Google Talk is a great tool for instant communication, but one thing it lacks is chat rooms. Chat rooms are a great way for a group of friends or colleagues to chat together online, but unfortunately, Google Talk lacks support for chat rooms. Partychapp is a chat bot that takes care of this problem, and creates a pseudo chatroom for you and your friends.
Partychapp is a bot that relays a conversation to all of those that are connected to it. In addition to relaying the chat to all of your friends, it has some fun features built into it as well. There are two ways to set up your own Google Talk chat room with Partychapp.
Set Up a Chatroom with Your Web Browser
You can set up a chatroom directly from your browser if you log into Partychapp with your Google Account. Once you log in with your account, you’ll be taken back to the Partychapp web page, but you’ll see a button that says Create a new room. Click on the button, and you’ll get a simple form to create your new chat room.
The form is self-explanatory. Just pick the name for your chat room, decide whether or not you want it to be public or private, enter the email address of anyone you would like to invite to the room, and click Create!
When you sign into Google Talk, you will receive a chat request from the bot (it will be firstname.lastname@example.org, where yourchatroomname is the name of your chat room). Accept the chat request, and start chatting away with the bot. As others accept the request from the bot, they will say everything you say to the bot.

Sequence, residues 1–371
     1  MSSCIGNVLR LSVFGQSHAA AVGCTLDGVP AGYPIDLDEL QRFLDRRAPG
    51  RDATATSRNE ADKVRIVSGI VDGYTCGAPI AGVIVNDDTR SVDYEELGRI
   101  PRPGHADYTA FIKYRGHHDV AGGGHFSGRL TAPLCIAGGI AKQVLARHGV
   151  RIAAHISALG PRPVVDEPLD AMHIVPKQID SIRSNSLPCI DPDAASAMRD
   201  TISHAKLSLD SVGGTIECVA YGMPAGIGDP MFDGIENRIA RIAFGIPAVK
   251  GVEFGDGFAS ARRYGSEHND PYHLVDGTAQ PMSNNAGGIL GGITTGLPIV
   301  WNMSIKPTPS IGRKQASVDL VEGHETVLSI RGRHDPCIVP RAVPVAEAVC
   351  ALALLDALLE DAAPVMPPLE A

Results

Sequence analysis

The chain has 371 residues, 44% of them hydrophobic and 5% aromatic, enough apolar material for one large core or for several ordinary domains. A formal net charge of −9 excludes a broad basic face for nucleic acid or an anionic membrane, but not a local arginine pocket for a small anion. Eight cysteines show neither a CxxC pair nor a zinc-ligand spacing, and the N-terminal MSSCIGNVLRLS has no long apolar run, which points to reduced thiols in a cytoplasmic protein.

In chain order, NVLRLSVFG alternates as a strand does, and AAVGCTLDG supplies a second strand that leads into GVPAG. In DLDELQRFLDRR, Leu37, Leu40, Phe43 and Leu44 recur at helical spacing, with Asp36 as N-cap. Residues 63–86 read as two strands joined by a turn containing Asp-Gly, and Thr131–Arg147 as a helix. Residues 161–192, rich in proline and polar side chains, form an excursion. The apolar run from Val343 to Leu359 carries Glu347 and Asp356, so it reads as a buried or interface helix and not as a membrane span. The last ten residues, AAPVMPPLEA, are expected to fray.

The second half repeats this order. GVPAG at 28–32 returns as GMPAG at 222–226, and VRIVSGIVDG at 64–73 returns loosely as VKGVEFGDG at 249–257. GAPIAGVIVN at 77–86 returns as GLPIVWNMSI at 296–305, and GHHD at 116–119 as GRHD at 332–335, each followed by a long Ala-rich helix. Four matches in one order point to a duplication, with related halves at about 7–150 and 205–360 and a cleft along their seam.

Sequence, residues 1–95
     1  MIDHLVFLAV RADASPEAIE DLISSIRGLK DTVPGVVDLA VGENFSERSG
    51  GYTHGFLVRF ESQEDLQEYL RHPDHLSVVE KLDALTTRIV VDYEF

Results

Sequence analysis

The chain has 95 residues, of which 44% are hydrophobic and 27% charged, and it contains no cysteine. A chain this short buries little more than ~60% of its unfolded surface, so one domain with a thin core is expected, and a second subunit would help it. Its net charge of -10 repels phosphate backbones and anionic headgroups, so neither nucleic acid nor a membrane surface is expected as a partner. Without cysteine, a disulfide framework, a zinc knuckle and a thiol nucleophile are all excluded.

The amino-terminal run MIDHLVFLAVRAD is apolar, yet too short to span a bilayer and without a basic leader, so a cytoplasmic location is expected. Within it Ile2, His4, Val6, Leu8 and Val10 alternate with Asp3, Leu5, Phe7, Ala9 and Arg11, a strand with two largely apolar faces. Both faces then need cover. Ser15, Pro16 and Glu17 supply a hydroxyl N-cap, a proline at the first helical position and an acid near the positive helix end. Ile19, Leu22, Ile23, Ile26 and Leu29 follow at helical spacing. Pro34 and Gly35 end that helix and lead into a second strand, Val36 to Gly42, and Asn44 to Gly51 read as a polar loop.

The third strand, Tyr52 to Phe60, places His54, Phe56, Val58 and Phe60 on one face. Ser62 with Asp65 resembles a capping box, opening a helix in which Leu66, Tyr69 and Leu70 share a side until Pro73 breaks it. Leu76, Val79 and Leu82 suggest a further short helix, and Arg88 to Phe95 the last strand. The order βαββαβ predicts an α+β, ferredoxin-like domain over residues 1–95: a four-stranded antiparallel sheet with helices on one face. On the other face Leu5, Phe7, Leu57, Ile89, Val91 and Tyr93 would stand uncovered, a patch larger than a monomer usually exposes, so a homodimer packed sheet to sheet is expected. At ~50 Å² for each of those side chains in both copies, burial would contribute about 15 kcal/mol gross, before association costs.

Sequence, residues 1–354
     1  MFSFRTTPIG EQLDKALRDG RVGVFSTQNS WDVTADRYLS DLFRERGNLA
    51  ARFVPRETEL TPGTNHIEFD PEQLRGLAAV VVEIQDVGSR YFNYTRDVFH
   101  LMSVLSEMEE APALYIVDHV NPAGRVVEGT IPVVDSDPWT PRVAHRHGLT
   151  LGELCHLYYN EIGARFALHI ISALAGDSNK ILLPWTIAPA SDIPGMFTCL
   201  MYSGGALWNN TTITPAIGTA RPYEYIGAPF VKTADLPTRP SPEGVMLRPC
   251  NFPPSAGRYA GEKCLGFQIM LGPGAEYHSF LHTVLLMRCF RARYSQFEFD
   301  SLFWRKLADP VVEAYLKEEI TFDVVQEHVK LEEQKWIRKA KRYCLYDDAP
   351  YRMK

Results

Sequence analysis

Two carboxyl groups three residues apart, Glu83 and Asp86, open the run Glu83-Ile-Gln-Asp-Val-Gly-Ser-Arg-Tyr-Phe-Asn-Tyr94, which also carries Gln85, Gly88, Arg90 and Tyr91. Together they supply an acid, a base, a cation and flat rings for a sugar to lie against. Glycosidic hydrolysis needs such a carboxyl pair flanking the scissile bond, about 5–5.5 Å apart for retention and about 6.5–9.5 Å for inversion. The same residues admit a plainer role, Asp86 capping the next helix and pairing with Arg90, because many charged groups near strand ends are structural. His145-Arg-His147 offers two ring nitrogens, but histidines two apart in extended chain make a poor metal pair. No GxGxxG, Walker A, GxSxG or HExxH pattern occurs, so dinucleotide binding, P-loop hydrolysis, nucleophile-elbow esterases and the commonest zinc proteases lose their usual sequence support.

Set Up a Chatroom By Chatting With The Bot
If you don’t feel like logging into Partychapp with your Google Account and creating the channel through the web form, you can set up a new chat room by just chatting directly with the bot. Just add email@example.com to your buddy list and start chatting with the bot. Simple enough. You can invite others by sending the command /invite firstname.lastname@example.org.
Here’s what Partychapp looks like in action:
Fun with the Partychapp Bot
Not only does Partychapp provide you with a chat bot, but the bot has many commands that provide some additional functionality. To see a list of all the commands, just type /help and you’ll get a list of commands. The output from /help looks like this:
List of commands: * /leave - leave the room * /list - show members of room * /help - shows this * /alias name - rename yourself to 'name' * /score target - see the score of 'target' in plusplusbot * /reasons target - see why target's score was changed * /me - describe what you're doing in the third person * /invite email@example.com, firstname.lastname@example.org ... - Invite a list of email addresses to this room * /inviteonly - Set the room to invite-only * /kick - Remove a user or invitation from this room * /status - show what room you're in * /summon